Securing a mortgage is a crucial step for first-time homebuyers. However, choosing a suitable home loan option depends on various factors. Choosing from a wide range of financing options can be difficult for first-time buyers, so learning mortgage basics is essential for saving time and money.
What is a Mortgage?
A mortgage, or mortgage loan, is an agreement between borrowers and a mortgage lender to purchase or refinance a home with money the lender provides, given the borrower will pay the money back over some time.
Mortgage Basics: Loan Types
There are three main types of home loans available to first-time homebuyers.
Conventional Home Loans
Conventional home loans are mortgages not guaranteed or insured by the federal government. The most popular conventional loans are fixed-rate mortgages.
These loans are harder to qualify for because they have strict criteria, such as:
The advantage of these mortgages is that they have lower costs when compared to federally guaranteed loans.
There are two types of conventional loans: conforming and non-conforming.
Conforming Home Loans
Conforming home loans comply with loan limit guidelines Fannie Mae and Freddie Mac set. Conforming loan lenders often package and sell the loans as securities on the secondary market. However, these mortgages must meet tight regulations to qualify for this use.
Non-Conforming Home Loans
With non-conforming home loans, the lender can set the guidelines. However, these loans cannot be sold to Fannie Mae or Freddie Mac on the secondary market.
FHA Home Loans
Federal Housing Administration (FHA) loans offer many loan options for first-time homebuyers. In addition, FHA loans are easier to qualify for and require lower down payments. Lower upfront costs, lower credit score requirements, and down payments of 3.5% make FHA loans attractive for first-time homebuyers.
FHA loan terms require borrowers to pay for mortgage insurance, which protects the lender in case of default, death, or inability to meet the mortgage’s contractual obligations.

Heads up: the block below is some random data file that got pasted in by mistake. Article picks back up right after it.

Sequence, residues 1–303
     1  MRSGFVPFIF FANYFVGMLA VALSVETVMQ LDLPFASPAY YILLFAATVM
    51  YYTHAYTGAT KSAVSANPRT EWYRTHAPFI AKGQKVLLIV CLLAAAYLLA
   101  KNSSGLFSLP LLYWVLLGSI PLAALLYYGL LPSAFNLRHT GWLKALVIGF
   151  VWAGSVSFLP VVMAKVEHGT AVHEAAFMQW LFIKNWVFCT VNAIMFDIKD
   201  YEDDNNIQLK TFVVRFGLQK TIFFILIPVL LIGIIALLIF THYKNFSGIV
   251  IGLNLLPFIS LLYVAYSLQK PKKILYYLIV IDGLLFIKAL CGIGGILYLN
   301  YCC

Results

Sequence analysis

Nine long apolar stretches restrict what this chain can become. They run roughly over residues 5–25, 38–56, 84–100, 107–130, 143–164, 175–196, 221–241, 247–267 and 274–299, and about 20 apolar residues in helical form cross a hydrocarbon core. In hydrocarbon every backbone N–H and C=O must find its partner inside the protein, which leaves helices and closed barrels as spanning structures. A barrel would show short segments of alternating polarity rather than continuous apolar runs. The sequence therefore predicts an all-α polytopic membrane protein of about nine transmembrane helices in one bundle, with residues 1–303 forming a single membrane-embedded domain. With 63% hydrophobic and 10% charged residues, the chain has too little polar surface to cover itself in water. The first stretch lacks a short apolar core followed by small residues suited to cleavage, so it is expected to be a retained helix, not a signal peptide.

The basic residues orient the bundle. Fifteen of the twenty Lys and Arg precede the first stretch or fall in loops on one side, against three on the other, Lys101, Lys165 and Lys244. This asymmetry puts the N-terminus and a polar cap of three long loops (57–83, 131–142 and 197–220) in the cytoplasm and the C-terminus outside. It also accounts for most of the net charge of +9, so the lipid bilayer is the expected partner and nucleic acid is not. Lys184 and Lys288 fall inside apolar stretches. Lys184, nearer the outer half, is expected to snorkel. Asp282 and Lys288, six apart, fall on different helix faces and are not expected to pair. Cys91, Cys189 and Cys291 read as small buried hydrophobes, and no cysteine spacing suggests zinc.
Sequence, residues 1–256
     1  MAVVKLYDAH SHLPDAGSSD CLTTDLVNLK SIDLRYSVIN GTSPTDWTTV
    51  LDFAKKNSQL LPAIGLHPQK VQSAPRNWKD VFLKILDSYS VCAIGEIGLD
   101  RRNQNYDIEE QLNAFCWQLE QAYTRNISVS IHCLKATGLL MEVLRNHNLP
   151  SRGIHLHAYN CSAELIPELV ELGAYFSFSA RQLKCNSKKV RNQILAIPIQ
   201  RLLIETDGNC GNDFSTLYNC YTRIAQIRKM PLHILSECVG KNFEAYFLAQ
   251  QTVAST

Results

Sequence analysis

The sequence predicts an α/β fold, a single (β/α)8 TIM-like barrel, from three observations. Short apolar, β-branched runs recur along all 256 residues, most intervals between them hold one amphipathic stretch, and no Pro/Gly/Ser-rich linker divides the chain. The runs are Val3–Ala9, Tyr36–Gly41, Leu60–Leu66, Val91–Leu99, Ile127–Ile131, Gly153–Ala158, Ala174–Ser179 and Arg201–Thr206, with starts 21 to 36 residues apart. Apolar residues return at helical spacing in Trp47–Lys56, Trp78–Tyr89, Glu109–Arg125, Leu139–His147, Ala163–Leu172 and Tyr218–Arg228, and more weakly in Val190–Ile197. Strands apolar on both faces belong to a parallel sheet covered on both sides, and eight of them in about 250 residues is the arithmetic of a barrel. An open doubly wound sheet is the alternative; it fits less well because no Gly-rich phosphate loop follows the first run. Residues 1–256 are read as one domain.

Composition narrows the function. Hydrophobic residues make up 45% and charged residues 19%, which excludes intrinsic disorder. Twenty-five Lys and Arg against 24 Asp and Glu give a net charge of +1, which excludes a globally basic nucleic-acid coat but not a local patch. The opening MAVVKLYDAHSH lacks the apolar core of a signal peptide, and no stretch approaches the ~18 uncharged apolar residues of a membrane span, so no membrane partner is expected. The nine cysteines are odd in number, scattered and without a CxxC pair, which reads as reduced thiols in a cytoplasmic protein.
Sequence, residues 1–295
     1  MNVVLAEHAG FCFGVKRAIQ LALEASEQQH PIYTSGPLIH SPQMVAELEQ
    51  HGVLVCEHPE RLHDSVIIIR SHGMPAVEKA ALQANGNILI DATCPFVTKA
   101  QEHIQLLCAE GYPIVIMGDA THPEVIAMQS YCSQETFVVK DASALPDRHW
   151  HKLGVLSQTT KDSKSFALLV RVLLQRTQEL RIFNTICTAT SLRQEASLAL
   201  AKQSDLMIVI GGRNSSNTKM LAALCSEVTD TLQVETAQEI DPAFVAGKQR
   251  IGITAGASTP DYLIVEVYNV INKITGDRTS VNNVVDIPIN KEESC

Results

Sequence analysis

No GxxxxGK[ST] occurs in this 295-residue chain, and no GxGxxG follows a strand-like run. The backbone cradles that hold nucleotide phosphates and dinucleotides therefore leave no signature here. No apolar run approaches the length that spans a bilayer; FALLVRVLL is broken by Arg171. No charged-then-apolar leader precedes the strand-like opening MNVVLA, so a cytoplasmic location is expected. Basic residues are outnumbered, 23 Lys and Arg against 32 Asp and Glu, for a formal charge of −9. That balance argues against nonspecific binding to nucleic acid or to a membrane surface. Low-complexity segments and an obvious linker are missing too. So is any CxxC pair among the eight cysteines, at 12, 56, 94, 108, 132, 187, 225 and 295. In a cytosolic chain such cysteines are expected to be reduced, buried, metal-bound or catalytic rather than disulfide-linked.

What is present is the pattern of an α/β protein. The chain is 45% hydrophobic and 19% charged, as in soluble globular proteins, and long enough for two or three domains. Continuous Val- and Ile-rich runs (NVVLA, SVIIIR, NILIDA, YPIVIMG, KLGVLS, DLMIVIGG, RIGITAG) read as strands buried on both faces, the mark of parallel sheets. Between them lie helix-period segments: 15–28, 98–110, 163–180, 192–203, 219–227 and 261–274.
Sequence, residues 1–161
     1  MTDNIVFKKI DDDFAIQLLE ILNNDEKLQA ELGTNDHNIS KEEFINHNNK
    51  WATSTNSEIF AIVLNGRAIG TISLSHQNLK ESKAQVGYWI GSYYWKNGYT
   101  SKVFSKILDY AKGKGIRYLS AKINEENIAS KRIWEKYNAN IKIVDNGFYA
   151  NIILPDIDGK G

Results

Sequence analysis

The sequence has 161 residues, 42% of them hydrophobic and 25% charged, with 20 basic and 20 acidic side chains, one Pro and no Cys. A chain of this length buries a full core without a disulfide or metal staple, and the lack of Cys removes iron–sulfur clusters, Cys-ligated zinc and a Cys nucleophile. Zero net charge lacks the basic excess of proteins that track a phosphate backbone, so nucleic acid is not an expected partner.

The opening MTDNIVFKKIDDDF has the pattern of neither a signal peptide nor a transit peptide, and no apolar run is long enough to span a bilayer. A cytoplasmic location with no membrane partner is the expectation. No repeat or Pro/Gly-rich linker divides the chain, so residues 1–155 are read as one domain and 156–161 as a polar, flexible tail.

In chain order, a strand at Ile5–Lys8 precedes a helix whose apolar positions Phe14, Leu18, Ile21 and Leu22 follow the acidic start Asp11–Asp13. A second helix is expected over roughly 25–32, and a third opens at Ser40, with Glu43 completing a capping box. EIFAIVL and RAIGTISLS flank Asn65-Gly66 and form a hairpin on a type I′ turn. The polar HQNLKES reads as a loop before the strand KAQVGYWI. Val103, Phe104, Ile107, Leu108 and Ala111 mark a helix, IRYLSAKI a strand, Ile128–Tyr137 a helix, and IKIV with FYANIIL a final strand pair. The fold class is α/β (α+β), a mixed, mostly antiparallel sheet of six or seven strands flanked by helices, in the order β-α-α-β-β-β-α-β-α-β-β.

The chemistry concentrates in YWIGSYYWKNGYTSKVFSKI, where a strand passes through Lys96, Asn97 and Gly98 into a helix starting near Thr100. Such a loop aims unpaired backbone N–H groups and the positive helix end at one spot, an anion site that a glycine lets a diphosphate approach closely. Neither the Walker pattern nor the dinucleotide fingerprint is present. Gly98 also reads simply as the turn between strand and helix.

VA Home Loans
VA home loans are guaranteed by the U.S. Department of Veterans Affairs (VA). While the VA does not make loans, they guarantee mortgages made by qualified lenders.
VA loans are generally easier to qualify for than conventional home loans. Additionally, they often do not require a down payment. Lenders generally limit the maximum VA loan to conventional mortgage loan limits.
Mortgage Basics: Income Requirements
Lenders price home mortgages in different ways based on the evaluations of the borrower’s creditworthiness.
Lenders check first-time buyer’s eligibility against their:
- FICO score.
- Loan-to-value ratio (LTV).
- Debt-to-income ratio (DTI).
A FICO score is a credit score.
LTV is calculated by dividing the loan amount by the home’s purchase amount. A higher down payment means a lower LTV ratio. Lenders prefer a lower LTV ratio and will charge less for these loans.
DTI is one of the determining factors when qualifying for a mortgage. Lenders generally like a debt-to-income ratio lower than 36%, with no more than 28% of debt for a mortgage or rent. However, some borrowers may qualify for a mortgage with a DTI ratio as high as 43%.
Mortgage Basics: Mortgage Insurance
The LTV ratio dictates whether first-time buyers need to buy mortgage insurance, which mitigates the risk of default for lenders.
Typically, lenders require mortgage insurance for loans with an LTV ratio greater than 80%. For most borrowers, this means paying a 20% down payment to avoid mortgage insurance.
If you get a mortgage requiring mortgage insurance, understand the circumstances under which the insurance is removed. For example, mortgage insurance with some loans automatically drops off at a specified level; however, other mortgages require you to refinance to remove mortgage insurance.
Mortgage Basics: Mortgage Rates
First-time homebuyers should also consider whether to get a fixed-rate or floating-rate mortgage.
With fixed-rate mortgages, the interest rate and mortgage payments stay the same for the entire loan term. Additionally, it can be beneficial to lock in a reasonable rate while mortgage rates are low.
Floating-rate mortgages, such as an adjustable-rate mortgage (ARM), are designed to help homebuyers take advantage of rates that periodically change in certain circumstances.
These loans allow borrowers to access low introductory rates during the loan’s early years. Additionally, this can enable borrowers to qualify for a larger loan than a fixed-rate mortgage.
The downside occurs when interest rates rise, resulting in higher monthly payments.
The available mortgage financing options can often be overwhelming for first-time homebuyers. However, understanding your financial situation can help you choose the best mortgage.
While taking the most significant loan offered is tempting, it can lead to some lenders requiring higher rates and private mortgage insurance. In addition, it is essential to remember that floating interest rates can increase anytime.
We specialize in mortgages for first-time homebuyers, conventional home mortgages, refinance loans, reverse mortgages, and FHA, VA, and USDA mortgage options. In addition, we’ve worked extensively with cash-out refinancing and help clients to lower their monthly mortgage payments.
Updated on January 26, 2023